Ahmann co-edits journal issue on ‘late industrialism’

The term “late industrialism” has become synonymous with collapse: breakdown, pollution, waste and disappointment left behind by failing or exploitive systems.

Chloe Ahmann (center, in red and white scarf) is pictured at a 2015 event promoting fair development in south Baltimore. During two years of anthropology field work, Ahmann got to know members of a coalition of diverse activists united in protest of a trash-burning incinerator.

But the “late” in “late industrial” also carries radical potential, according to Chloe Ahmann, assistant professor of anthropology in the College of Arts and Sciences.

“It points toward the possibility of another world taking shape within the wreckage,” she said, “as people retrofit broken systems, build flexible coalitions and work creatively with time.”

Ahmann and Alison Kenner, associate professor of politics at Drexel University, co-edited “Breathing Late Industrialism,” a special collection of essays in the journal Engaging Science, Technology, and Society. In the issue, scholars from a variety of disciplines apply the metaphors of breath, air and atmosphere to find how late industrial systems, Ahmann said, “might be put to life-affirming work.”

“Late industrial places are not just full of damage, as scholar Eve Tuck (from the University of Toronto) reminds us,” said Ahmann, who does research in Baltimore, a city she first came to as an elementary school teacher in 2010. “There is breakdown, yes, but also possibility. We see the collection as an invitation to dispense with the illusion that it’s possible to purify this irrevocably contaminated planet while, at the same time, holding onto something that looks like hope.

Not a shiny, vapid, passive kind of hope,” she said, “but one that starts from a clear-eyed diagnosis of the problem and isn’t afraid to ‘retool’ the machine.”

Each of the eight essays in the collection focuses on a late industrial environment where people experience trouble in industrialism’s wake but refuse to be overcome by it, Ahmann said.

“I see this phenomenon in Baltimore,” she said. “People organize within the rubble of old systems and try to build a better world with the debris.”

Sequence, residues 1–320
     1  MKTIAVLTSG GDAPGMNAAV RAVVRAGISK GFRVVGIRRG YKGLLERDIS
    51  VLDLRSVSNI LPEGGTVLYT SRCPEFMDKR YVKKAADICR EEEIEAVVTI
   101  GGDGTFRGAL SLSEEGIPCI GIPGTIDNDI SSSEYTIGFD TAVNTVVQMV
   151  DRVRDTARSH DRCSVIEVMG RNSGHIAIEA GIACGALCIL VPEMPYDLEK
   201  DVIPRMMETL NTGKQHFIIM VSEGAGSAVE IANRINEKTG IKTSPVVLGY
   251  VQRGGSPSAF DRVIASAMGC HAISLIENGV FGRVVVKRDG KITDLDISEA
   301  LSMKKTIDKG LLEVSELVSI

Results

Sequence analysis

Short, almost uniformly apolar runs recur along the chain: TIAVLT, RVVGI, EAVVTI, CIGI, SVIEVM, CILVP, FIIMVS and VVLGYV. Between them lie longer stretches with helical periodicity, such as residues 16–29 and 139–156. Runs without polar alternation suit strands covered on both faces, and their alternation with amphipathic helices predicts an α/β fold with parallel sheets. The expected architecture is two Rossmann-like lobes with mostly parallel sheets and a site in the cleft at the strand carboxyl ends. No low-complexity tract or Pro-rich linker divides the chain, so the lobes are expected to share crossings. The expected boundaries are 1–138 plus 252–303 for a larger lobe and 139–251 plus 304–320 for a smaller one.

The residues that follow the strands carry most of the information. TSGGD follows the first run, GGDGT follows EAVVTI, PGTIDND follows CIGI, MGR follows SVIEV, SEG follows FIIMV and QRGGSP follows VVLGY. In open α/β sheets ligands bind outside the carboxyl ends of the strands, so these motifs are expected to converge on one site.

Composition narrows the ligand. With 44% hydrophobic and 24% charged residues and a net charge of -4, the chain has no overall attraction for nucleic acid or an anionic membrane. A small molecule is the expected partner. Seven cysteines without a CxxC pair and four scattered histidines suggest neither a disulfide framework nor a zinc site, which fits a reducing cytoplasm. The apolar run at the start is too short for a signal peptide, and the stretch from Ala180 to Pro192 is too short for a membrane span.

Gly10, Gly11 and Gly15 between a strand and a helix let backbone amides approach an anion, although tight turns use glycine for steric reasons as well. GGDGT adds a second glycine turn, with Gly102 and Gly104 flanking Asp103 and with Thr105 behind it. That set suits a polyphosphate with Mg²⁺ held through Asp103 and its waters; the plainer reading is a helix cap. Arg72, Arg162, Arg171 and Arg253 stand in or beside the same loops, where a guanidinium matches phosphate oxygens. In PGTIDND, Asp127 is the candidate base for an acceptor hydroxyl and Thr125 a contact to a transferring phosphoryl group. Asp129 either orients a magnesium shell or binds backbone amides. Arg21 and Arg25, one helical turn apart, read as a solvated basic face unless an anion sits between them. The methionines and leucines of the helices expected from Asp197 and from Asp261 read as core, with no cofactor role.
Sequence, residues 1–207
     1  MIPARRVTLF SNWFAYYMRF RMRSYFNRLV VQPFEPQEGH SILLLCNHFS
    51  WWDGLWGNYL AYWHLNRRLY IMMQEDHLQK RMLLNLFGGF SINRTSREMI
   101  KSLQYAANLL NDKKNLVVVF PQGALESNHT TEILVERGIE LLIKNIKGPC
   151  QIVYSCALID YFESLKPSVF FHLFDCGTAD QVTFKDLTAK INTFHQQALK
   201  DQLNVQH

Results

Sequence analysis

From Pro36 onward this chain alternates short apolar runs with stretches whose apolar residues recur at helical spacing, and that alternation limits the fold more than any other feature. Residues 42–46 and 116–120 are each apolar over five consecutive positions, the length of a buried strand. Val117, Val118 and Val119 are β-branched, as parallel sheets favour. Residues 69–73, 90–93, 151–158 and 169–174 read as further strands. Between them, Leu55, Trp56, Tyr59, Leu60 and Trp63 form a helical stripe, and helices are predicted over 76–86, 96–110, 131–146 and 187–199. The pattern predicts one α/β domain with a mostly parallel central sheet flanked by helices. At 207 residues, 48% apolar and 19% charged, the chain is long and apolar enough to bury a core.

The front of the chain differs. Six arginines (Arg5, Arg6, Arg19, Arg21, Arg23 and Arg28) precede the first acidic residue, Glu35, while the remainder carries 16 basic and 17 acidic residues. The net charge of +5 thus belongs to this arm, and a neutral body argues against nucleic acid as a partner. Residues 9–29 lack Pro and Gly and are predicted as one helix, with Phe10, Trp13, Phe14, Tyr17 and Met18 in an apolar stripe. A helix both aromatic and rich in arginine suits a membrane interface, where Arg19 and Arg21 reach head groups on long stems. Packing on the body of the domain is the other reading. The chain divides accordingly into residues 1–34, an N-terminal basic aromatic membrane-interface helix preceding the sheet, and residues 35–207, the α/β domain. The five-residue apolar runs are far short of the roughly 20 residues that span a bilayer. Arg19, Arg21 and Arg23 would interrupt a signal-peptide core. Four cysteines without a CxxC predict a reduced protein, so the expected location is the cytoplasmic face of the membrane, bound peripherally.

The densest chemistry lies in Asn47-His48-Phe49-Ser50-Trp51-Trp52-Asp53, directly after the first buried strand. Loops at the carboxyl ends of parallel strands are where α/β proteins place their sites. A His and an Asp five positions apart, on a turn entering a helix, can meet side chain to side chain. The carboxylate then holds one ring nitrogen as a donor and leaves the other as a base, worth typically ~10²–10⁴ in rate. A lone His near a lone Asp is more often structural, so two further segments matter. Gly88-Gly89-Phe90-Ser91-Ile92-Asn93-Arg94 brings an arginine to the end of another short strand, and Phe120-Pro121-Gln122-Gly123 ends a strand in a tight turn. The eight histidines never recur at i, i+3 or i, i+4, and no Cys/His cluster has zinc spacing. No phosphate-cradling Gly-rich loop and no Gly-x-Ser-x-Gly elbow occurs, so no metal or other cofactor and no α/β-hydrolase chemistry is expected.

Ahmann’s contribution to the collection, “Atmospheric Coalitions,” describes how environmental justice advocates in south Baltimore, where she taught, found ways of retrofitting problems into tactical advantages, including by drawing attention to the fact that a proposed trash incinerator’s emissions would reach far beyond the city’s boundaries.

“These same activists also deftly mobilized 200 years of industrial pollution to say ‘enough,’” she said. “Today, they are hard at work building new power structures to root decisions about local development in their community.”

The complexity and interconnectedness of the problems clustered around late industrialism challenge anthropologists, Ahmann said.

“It’s an open question of how anthropologists are supposed to study problems that are so radically distributed across time and space that you can’t exactly locate them,” Ahmann said. “Thinking with breath, air and atmosphere is one way take this challenge on.”

Elsewhere in the issue, an essay by Victoria Nguyen, who recently received a Ph.D. in anthropology from the University of Chicago, focuses on infrastructures of containment in Beijing. Insulated passageways designed to protect people from polluted air and from each other, Nguyen wrote, actually create intimate public spaces where people find each other.

Co-editor Kenner’s contribution focuses on Philadelphia, where residents of one small neighborhood usurped the city’s digital infrastructure to run an environmental reporting project.

Other essays in the issue touch on a range of topics, including fire management policies in Saskatchewan, indoor pollutants in a California elementary school, and fracking in the Greater Chaco region of northwest New Mexico.

The articles in the issue were completed before the onset of COVID-19 and 2020’s widespread protests against racial injustice, but the theme of “breath” resonates even more now, Ahmann said.

“We’re living in a time when the challenges of ‘breathing late industrialism’ are undeniable,” Ahmann said. “It would be so easy to end the story there. But life-affirming work persists, in most cases led by the very Black, brown, and Indigenous communities historically and persistently denied the right to breathe.”

Kate Blackwood is a writer for the College of Arts and Sciences.

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